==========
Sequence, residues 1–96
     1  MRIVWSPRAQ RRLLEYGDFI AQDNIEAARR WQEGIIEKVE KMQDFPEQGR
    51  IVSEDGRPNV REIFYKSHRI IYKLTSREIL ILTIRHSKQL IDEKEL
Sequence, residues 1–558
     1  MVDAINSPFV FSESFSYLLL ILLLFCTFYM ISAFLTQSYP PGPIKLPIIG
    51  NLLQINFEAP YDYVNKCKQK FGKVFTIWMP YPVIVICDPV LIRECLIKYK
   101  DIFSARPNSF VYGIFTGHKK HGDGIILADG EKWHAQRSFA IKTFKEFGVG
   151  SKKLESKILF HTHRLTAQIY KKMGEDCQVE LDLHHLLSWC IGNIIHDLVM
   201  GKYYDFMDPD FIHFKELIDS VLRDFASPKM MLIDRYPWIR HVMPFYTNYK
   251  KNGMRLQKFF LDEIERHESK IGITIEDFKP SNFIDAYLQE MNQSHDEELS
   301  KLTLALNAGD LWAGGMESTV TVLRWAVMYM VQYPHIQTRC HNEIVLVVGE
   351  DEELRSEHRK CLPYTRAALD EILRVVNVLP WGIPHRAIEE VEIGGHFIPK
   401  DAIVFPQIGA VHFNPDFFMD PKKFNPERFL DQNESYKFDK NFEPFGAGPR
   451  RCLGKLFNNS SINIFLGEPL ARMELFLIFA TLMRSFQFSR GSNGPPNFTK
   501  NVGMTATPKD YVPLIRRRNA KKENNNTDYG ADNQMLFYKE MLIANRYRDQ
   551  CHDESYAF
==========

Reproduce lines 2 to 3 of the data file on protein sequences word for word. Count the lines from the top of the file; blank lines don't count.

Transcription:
     1  MRIVWSPRAQ RRLLEYGDFI AQDNIEAARR WQEGIIEKVE KMQDFPEQGR
    51  IVSEDGRPNV REIFYKSHRI IYKLTSREIL ILTIRHSKQL IDEKEL